Perhaps as many as 4,000 users affected
Howard Freeman – 4th March 2019
Parenting website Mumsnet has revealed that a data breach occurred during a software update. This happened between 5th and 7th February, 2019. A technical problem caused users who logged on, to be directed to someone else’s account.
Site founder, Justine Roberts, stated that up to 4,000 users were logged in whilst the breach was occurring. However, only fourteen users have said they were affected by the breach.
The type of information revealed was:
- Email address
- Account details
- Posting history
- Personal messages
However, Roberts confirmed that passwords weren’t revealed. The Passwords were encrypted and not listed on users’ accounts.
Patching and pre-release testing
Therefore, it is critical, as soon as they are released, that patches are applied to prevent exploitation of vulnerabilities. The patches contain fixes to known problems, which must be applied to prevent malicious exploitation
However, Mumsnet has learnt this, the hard way that patching alone will not suffice. The NHS also learnt this in 2017 with unpatched Windows XP machines. They were exploited by WannaCry and cost the NHS £92 million.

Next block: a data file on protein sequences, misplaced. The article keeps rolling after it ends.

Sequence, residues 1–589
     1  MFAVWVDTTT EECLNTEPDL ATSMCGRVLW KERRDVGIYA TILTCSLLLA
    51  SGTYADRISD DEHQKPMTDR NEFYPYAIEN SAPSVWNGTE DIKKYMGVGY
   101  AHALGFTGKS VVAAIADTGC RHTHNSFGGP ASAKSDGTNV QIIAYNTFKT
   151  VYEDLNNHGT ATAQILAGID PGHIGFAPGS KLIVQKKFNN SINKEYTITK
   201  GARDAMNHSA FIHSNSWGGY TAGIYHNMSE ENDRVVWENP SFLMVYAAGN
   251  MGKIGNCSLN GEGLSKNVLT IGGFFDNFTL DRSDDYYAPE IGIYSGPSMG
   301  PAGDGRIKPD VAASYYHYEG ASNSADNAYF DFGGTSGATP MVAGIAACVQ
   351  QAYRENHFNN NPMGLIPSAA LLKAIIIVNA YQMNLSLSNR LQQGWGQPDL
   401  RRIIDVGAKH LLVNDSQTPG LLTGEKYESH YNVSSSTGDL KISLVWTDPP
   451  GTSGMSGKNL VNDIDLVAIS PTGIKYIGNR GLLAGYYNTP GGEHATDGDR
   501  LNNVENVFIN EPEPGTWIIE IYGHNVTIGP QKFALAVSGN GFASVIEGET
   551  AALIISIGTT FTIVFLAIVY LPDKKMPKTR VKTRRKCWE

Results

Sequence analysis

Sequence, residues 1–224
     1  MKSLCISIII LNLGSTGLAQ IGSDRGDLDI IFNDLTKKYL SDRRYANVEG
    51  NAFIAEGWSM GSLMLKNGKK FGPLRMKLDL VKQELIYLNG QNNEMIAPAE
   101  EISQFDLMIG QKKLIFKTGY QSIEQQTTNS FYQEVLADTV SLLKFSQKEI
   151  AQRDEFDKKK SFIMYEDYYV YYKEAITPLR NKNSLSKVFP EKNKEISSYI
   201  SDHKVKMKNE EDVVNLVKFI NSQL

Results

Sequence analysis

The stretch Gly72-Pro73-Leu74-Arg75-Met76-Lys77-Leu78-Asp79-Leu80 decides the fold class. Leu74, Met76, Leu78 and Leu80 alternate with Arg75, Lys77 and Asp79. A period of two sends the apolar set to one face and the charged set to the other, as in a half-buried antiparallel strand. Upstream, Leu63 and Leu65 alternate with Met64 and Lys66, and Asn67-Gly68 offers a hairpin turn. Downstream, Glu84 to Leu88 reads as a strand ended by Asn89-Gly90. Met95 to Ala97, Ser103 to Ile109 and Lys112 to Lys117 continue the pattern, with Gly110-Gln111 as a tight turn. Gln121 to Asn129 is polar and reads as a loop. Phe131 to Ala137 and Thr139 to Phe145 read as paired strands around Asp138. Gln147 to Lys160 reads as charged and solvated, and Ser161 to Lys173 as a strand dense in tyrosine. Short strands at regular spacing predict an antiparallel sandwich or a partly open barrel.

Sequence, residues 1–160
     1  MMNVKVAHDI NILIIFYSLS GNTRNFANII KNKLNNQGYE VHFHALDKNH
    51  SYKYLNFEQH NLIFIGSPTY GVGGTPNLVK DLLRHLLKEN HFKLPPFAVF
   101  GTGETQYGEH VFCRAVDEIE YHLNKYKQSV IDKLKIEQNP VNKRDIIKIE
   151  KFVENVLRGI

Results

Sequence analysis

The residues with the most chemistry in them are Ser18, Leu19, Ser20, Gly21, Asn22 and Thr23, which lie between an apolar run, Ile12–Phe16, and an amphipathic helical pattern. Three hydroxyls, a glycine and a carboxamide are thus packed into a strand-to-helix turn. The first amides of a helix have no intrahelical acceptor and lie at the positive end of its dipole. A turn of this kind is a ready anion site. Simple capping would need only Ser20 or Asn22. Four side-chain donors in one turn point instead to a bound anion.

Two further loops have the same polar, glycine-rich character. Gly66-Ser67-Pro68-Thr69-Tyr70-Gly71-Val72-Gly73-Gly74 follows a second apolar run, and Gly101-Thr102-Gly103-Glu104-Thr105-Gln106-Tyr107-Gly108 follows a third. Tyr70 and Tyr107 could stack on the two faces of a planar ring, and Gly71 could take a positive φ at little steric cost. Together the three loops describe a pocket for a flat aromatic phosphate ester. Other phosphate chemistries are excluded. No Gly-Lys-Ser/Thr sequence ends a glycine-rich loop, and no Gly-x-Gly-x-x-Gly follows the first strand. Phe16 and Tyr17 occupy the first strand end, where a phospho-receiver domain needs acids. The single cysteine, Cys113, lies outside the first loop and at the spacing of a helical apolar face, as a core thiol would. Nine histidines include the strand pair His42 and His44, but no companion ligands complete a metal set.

As soon as patching is complete, businesses must carry out a vulnerability scan. This is to ensure the patch hasn’t created any further problems or further vulnerabilities.
To achieve this, businesses can use a variety of tools to conduct vulnerability scans, but they all work in a similar way. A series of tests are undertaken, which are designed to identify system settings that contain known vulnerabilities. A completed scan will provide a summary of alerts for the business to act upon.
Mumsnet isn’t the only organisation seeing vulnerabilities introduced in software updates cause problems. It’s an often-made mistake that can have serious security implications. Testing in a sandbox prior to general release will help prevent such problems.